It was conceded by plaintiff, however, that it did pay Brummer additional compensation for his services other than as set forth in said written agreement in that it paid $1,800 to Brummer, under an oral agreement with him, as compensation for services performed for plaintiff in the capacity of an arranger and conductor.

The issues presented on this appeal are:

1. Whether the trial court erred in allowing parol testimony to be introduced on behalf of defendant to show the existence of an oral agreement between Brummer and plaintiff corporation providing for additional compensation to defendant for services rendered to plaintiff in the capacity of an A and R man in charge of artists and repertoire.

2. Whether or not that portion of the trial court's finding which provided that the terms of the agreement of August 7, 1956, ‘did not refer to, did not cover and were not intended to cover the services rendered by defendant to plaintiff as artists and repertoire man nor as director, arranger or orchestrator’ was supported by any substantial evidence.

We have concluded that under the situation here shown the trial court properly received the parol evidence concerning such independent, oral agreement and that the findings of the court are fully supported by the record herein.

Plaintiff contends that the said written agreement of August 7, 1956, is conclusive in its terms as to all future compensation to be paid to or received by defendant for any and all services which he was to render the plaintiff; that the provisions of such writing are certain and unambiguous and, under the limitations of section 1856, Code of Civil Procedure, it was error for the trial court to receive extrinsic evidence offered for the purpose of explaining a claimed ambiguity therein or to determine the intention of the parties as to what was meant by the provision ‘services * * * to be performed in the future * * *’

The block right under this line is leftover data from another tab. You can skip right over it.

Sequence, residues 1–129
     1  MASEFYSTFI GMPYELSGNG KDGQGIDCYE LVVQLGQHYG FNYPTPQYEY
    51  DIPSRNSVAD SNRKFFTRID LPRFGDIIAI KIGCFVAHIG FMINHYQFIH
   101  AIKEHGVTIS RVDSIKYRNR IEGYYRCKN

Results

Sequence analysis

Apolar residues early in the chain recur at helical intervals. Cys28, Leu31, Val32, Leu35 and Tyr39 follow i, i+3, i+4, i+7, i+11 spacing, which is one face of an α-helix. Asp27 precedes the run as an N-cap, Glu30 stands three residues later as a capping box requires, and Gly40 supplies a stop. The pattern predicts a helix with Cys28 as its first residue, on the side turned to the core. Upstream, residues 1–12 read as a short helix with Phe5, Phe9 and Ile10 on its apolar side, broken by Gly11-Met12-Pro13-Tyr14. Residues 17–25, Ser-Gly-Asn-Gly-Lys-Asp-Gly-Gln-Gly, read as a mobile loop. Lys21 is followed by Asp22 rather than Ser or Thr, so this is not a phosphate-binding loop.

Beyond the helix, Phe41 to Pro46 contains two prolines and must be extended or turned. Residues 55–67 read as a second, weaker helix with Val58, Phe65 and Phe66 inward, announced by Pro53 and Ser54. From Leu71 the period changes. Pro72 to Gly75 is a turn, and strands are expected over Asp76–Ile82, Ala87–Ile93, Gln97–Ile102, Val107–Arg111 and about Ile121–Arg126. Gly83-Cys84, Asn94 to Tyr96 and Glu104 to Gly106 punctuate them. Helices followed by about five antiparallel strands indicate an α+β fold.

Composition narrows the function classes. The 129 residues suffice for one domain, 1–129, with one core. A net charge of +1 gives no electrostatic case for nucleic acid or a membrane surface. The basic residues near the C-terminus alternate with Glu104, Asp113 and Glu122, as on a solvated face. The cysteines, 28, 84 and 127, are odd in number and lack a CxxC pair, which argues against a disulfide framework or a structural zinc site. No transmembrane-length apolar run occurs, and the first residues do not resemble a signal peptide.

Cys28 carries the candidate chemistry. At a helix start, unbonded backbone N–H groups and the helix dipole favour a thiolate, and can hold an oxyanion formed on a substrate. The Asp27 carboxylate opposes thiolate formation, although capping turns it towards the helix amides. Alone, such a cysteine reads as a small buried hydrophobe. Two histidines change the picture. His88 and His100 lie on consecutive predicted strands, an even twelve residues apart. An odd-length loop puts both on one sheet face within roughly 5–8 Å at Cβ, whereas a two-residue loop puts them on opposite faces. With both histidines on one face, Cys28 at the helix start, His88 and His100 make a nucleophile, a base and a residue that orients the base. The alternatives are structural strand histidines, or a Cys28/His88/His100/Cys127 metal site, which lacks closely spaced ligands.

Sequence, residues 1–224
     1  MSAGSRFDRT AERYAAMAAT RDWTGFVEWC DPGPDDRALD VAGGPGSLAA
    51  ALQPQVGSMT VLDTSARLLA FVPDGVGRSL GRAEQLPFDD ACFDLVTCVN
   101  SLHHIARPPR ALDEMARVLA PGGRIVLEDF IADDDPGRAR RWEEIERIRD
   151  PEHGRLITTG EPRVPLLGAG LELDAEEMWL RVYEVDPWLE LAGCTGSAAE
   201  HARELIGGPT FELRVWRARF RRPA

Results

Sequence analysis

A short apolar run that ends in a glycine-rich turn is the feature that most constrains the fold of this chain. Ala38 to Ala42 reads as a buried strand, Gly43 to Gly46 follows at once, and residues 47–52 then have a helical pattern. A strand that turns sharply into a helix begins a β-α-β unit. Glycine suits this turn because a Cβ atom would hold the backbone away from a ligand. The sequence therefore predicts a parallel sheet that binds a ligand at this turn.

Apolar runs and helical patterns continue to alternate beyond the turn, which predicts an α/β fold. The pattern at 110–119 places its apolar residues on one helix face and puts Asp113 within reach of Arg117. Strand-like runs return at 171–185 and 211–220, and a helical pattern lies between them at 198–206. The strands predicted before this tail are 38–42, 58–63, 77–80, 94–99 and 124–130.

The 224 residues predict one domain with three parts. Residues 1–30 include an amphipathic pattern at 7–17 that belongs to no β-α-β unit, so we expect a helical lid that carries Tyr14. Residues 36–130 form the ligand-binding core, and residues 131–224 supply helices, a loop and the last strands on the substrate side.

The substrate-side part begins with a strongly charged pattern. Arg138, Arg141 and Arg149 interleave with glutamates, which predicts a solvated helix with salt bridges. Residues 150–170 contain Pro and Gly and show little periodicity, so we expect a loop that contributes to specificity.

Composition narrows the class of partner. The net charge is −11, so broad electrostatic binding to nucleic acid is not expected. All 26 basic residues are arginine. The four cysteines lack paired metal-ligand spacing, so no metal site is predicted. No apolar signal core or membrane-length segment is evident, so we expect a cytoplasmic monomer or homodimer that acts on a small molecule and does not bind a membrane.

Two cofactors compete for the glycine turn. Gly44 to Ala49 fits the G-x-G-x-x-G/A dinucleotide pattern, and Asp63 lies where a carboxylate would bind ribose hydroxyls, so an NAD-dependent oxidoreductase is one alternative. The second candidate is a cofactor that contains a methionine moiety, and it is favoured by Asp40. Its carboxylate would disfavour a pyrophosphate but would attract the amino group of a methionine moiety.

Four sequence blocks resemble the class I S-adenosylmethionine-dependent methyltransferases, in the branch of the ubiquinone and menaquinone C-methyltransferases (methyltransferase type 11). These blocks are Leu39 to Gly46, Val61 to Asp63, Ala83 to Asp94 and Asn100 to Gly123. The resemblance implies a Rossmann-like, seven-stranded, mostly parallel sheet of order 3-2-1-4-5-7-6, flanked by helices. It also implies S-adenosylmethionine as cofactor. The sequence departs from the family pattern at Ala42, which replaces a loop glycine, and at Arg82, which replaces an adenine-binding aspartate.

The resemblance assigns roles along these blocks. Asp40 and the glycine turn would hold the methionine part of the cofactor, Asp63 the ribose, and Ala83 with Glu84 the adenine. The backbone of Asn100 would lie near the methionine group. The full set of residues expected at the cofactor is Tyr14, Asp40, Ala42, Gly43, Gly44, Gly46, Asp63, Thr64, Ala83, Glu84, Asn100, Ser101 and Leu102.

Brummer contends, however, that the claimed oral agreement employing him as vice president of the plaintiff in charge of artists and repertoire was a separate and independent agreement of employment between plaintiff corporation and him to which Vedder was not a party, whereas the written agreement was with Vedder to the exclusion of plaintiff. Therefore, he argues that the parol evidence rule is not applicable in a case where the parties to a written contract were not the same as to the separate oral agreement and that plaintiff corporation may not assert such rule where it was not a party to the written agreement. In support of this argument he cites Broder v. Epstein, 101 Cal.App.2d 197, 199, 225 P.2d 10; Penberthy v. Vahl, 101 Cal.App.2d 1, 4, 224 P.2d 907; Pierce v. Nash, 126 Cal.App.2d 606, 623, 272 P.2d 938. Plaintiff in effect concedes the legal soundness of this position in certain instances but contends that, contrary to the implied finding of the court, for all purposes in this litigation, Vedder and plaintiff corporation are essentially one and the same, each being the alter ego of the other.

For additional reasons, however, the court was fully justified in receiving evidence as to the circumstances surrounding the making of the written agreement between Vedder, defendant and the others and as to the then intentions of such parties as to the meaning of the disputed provisions thereof.

Plaintiff takes the inconsistent position that the possible future acquisition of a stock interest in a corporation was agreed to be the sole compensation for each and every future service to be rendered by defendant regardless of the character or extent of his employment by such corporation, while at the same time conceding that at the outset of defendant's employment by plaintiff an independent oral agreement was entered into between plaintiff and defendant whereby the latter was to receive as compensation for his services rendered plaintiff as an arranger and conductor such moneys as were prescribed by union scale for such services. For this employment defendant was paid a total of $1,800 by plaintiff. It is therefore clear from this conceded fact that it was not the intention of the parties to this litigation that the terms of the written agreement with Vedder were to be construed as limiting Brummer to a possible receipt of stock to the exclusion of monetary compensation for his services rendered, by way of employment, to plaintiff corporation.